Of all the hobby groups at this time two stand out as being far more popular than the rest, the Debating Societies (senior and junior) and the Young Farmers' Club. It is interesting to trace the development of these two in more detail.

Although originally formed at U.B.H.S. in 1954, it was not until the third term of 1956 that the Senior Debating Society really got on its feet. At this meeting the office bearers were elected and Mr. Fleming was elected president. The constitution was drawn up, the main clause of which ruled that in future the office of president should be automatically bestowed upon the headmaster of the school. During the second term of 1957 the first ever inter-society meeting (other than with Umtali Girls' High School) was staged. In a match against the Umtali Debating Society the School's speakers succeeded in defeating the motion proposed by the U.D.S. The following two years several matches were held against the Girls' School and in 1959 a meeting was held against the Old Borderers' Society. The Junior Debating Society, although lacking the sophistication of the senior society, was nevertheless every bit as popular. The majority of debates were informal, e.g. "Balloon" or "Hat" debates, and often games were played instead.

When the Young Farmers' Club was first formed in 1954 it held only five acres of virgin bush. The initial aim of the Club was to be "declared" and become part of the National Federation of Young Farmers' Clubs. This was no easy task, but the tremendous amount of work done by the boys was soon recognised and the aim was realised before the end of the year. In January, 1955, Tony Batley brought even further notice to the club when he was selected for the Young Farmers International Exchange scheme as one of two Rhodesians to represent the country in England where he won a medal for cattle judging. The Club experienced a serious slump in 1957 due to untimely resignations on the part of the chairman and secretary. This had a great influence on numbers in the club and discouraged many potential members. The Club managed to pull through, however, and was fully on its feet again in 1958. In 1959 the club celebrated its fifteenth anniversary since its formation at the Umtali High School by organising a tour of the

End of Page 70

Marandellas/Bromley area. After five years at the new site the Club had established itself as the most popular society in the school with an annual financial turnover of nearly £150 strange when one considers that today, only ten years later, the club is completely non-existent.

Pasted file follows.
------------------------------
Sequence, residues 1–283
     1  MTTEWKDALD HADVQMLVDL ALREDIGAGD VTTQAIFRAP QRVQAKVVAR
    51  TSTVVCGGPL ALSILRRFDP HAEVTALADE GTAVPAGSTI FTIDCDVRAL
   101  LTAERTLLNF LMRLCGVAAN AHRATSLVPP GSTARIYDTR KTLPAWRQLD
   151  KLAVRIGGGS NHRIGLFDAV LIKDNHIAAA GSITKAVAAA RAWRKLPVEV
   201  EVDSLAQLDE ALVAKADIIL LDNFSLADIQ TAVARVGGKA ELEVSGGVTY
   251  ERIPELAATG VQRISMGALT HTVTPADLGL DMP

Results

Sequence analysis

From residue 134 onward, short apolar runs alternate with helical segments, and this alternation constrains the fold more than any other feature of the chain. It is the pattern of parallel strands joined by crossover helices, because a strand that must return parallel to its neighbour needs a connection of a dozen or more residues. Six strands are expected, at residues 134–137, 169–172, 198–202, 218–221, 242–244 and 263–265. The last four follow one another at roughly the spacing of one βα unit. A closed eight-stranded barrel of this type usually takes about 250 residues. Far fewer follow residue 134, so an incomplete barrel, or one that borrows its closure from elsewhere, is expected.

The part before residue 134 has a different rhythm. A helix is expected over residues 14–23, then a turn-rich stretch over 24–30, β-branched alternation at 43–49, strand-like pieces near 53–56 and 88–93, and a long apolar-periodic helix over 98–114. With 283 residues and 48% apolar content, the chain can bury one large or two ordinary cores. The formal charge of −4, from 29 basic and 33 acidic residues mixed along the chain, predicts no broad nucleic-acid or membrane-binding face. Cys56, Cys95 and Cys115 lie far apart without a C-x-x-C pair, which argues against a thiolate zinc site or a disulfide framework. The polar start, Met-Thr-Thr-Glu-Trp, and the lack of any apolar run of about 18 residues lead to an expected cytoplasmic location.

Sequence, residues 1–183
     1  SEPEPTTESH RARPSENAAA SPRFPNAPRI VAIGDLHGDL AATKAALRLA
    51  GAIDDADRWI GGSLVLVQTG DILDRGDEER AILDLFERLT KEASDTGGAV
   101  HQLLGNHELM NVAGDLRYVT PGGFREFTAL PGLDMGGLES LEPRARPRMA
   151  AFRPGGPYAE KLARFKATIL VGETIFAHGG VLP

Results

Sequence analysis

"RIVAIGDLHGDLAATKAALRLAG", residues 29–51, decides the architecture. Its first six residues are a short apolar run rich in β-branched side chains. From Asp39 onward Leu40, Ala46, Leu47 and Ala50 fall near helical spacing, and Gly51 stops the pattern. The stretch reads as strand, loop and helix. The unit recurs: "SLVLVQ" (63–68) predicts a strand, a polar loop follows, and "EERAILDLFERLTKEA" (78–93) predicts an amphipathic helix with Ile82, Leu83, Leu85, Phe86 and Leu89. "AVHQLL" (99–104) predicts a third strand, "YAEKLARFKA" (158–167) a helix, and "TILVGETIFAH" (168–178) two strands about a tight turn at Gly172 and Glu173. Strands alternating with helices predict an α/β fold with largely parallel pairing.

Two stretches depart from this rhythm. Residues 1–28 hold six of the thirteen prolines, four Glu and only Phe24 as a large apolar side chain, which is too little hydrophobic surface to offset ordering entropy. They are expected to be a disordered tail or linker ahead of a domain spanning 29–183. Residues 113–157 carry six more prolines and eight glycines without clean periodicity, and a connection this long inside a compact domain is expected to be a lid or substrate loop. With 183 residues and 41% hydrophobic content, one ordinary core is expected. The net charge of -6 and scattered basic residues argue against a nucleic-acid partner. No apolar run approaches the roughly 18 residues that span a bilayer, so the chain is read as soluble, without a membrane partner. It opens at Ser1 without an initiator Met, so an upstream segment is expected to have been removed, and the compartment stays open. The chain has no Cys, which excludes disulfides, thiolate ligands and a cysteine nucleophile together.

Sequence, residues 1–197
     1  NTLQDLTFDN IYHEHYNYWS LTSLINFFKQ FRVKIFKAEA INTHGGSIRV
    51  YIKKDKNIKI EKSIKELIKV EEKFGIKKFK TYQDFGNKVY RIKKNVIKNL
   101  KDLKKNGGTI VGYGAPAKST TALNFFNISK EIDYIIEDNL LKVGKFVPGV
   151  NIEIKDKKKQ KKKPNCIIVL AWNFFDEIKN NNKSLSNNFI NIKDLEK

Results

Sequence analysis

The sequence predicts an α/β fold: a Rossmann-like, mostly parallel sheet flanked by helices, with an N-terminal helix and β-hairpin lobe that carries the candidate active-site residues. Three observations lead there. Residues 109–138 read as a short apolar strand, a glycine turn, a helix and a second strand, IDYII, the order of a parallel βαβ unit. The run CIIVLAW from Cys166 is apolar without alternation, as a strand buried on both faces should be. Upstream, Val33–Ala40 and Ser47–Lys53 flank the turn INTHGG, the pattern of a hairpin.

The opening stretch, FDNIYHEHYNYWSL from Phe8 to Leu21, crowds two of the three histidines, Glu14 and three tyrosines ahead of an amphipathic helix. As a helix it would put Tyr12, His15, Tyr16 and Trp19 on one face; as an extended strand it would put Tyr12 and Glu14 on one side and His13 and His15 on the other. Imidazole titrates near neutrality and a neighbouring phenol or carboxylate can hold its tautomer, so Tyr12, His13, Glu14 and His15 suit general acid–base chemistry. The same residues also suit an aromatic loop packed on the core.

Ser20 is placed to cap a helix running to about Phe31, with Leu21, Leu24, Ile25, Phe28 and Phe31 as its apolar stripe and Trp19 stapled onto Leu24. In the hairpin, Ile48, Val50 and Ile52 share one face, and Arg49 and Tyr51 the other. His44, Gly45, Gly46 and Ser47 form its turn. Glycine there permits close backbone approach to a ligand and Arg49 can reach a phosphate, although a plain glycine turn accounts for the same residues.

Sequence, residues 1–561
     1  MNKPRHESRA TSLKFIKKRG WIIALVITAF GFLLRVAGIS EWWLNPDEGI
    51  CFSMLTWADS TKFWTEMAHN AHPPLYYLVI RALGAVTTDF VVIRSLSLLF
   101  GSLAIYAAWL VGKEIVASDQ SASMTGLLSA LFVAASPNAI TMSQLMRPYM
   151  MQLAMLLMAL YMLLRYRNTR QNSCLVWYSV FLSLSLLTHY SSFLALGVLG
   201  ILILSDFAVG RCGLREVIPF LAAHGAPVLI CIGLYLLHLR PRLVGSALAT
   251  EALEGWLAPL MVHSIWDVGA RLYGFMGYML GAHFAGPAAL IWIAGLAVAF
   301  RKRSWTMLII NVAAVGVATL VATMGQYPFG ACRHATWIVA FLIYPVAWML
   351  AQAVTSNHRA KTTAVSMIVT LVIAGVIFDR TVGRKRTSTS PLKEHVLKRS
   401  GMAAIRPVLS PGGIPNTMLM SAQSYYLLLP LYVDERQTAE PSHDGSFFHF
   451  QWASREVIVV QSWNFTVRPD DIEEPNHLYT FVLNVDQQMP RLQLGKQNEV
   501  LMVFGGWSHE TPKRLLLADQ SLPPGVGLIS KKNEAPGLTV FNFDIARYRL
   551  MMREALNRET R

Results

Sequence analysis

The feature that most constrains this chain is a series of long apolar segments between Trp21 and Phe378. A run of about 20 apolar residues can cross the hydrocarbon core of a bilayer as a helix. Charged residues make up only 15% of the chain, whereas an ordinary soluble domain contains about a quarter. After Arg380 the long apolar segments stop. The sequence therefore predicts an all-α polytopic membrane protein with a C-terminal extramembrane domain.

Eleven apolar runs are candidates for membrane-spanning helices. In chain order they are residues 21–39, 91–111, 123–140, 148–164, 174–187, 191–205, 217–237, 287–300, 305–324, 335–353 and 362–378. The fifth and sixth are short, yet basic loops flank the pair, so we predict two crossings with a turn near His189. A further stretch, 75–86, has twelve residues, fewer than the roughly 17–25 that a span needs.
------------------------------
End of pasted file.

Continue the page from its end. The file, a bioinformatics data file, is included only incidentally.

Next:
Cadets started with 120 boys who comprised "D" Company. In the second term of 1957 " M" Company came into being-. The whole unit was divided into three (a) First year Cadets (from "Junior Company"); (b) second and third year Cadets (from "M" Company) and (c) fourth and fifth year cadets (from "D" Company.) In 1959 the total strength was up to 377.

During the average year the Cadets prepared themselves for three major events - the Queen's Birthday Parade, the Cadet Camp at Inkomo and the Annual General inspection. From time to time, however, sickness or lack of facilities (especially in the first two years'! forced one or more of these functions to be cancelled. It is notable that the U.B.H.S. Cadet Bisley team always did well at competitions organised at the Camp.

Lack of facilities restricted the sports to Rugby, Cricket, Athletics and Boxing. A major step forward was taken in 1956 when it became possible to provide games for all at least twice a week. Then in 1958, when many other sports could be offered, it became general policy that all boys, unless medically unfit, were to play cricket and rugby during their first and second years, thereafter they were given a free choice. This policy still pertains today, but for the first year only.

Although one of the four original sports offered, cricket proved very difficult in the first few years. In 1954 the fields and nets were played on for the first time and had not settled down properly, while the concrete nets had not yet been completed. This made batting practice very difficult. Conditions improved somewhat in 1955, but the fact that there were only two fields meant that match playing groups could only practise two afternoons a week and other groups only one. Some groups had to play on a matting wicket in the corner of the Main Field. (It was in this year that Softball was introduced for non-cricketers, which had the advantage of requiring little space.) Two additional good matting wickets were set up in 1956 which provided all with practice on two afternoons per week. The final development in cricket took place in the third term of 1959 when the system of senior and junior "County Cricket" was introduced. Here six senior and six junior teams were picked and games were played amongst these teams on a league basis. While this was not intended to improve the standard of cricket, it nevertheless made the game more enjoyable for those not in match playing groups. This system is still maintained today.